Friday, 8 June 2007

all in the mind

Those following my postings will know I was struggling last week to draw clean wax lines but had practised and practised to refind the ability. Last Thursday was crunch time for waxing a commission. I had a terrible time all day, all skills gone to pot again. My mind was all over the place, forever drifting to the upcoming weekend and family visits and planning for a trip away the next week. I couldn't concentrate and it was preventing good craftsmanship. And I'd been up late blogging – late nights a good waxer do not make, a point made in the last post! So early evening I popped off to bed and slept for an hour, waking up refreshed and focused. Off I went and waxed such gorgeous lines I could cry! Even the grouping I'd been finding extra-problematic came out... well... how I'd expect a seasoned batikker to make them! Sadly though one line worries me, well two really, and a third ends not quite perfectly. But I think I am getting too perfectionist, too honed in on exactness that the spontaneous feel of art, batik, drawing might get lost. Niggly, but not wiggly, lines are fine.

The dyeing and final waxing stage will be next week. This is where real stress and worry comes in! Wax without dye can be boiled out and re-started. When dye meets cloth it starts fixing and can't be removed (assuming fix has been put in dye or cloth). So once the dye is there there is only one way forward... only one chance to get it right. I will post pics when it's finished. It's too scary beforehand...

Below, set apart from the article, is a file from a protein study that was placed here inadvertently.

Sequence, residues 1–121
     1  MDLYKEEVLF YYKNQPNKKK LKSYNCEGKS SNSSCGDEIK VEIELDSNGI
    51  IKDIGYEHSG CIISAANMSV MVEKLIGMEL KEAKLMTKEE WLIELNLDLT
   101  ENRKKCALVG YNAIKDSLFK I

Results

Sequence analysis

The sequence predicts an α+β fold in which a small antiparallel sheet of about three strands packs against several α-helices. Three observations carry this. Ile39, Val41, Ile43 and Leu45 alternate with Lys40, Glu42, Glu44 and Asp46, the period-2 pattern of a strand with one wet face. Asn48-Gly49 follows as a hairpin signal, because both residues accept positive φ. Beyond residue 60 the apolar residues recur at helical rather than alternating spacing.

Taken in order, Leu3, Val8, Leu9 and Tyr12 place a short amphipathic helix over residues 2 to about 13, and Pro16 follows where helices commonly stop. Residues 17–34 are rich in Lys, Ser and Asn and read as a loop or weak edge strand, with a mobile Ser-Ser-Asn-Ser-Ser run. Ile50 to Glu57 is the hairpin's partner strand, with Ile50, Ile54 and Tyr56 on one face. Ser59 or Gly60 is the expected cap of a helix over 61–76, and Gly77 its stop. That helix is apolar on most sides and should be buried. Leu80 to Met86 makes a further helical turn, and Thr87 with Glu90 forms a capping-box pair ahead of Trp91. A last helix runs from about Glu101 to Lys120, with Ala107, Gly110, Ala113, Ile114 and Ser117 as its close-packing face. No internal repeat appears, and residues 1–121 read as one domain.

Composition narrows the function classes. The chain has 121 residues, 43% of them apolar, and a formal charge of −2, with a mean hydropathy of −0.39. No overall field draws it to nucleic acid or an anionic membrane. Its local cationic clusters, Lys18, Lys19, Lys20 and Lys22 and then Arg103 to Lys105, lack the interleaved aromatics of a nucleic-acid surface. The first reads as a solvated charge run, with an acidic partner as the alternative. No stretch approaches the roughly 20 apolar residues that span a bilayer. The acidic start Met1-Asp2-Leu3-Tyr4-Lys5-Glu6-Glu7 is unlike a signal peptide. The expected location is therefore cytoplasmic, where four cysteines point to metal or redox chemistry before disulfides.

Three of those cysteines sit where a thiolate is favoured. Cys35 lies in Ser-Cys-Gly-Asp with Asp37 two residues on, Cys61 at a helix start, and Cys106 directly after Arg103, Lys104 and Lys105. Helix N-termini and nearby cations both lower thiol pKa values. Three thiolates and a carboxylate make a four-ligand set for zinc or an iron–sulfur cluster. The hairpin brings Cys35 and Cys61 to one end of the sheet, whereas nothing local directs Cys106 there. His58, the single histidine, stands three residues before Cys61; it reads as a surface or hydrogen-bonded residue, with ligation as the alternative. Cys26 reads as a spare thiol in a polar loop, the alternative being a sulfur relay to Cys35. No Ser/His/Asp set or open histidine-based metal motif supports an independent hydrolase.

In life I believe everything is a learning experience, everything happens for a reason and everything happens for the best. These pearls of wisdom came from an aged step-great-aunt I used to visit as a student and young graphic designer in London. In the 1920s she'd been an actress touring India with a theatre group, and as I saw it had that kind of rational positive approach to life and its ups and downs that I later found Indians and other Asians to have.

So... what am I learning from this commission? Simplicity and complications... the title of my last post. My own approach to batik has become complex, multi-layered and wrapped up in technique. The textural achievements are pretty wonderful, if I say so myself, but are they really necessary? The old saying "less is more" couldn't be more relevant.

But, as came up in the comments section of this blog on happiness, you cannot have, know, or experience one extreme without having, knowing or experiencing the other. (And there is no blanket extremes but much grey in between areas.) There may well be further to explore in the realms of complex batik, but I feel I have gone far enough that way to know that "more" can be achieved with "less".

In terms of sustainability less also seems to suggest more. Less wax, less energy, less water, less dye... less time taken (=less financial cost). It is not to say less effort though, as to reduce to just that which is needed often requires as much – or more - understanding of design and process as a complex procedure and quite possibly greater skills.

Aaagh. I see. Early nights are here to stay.

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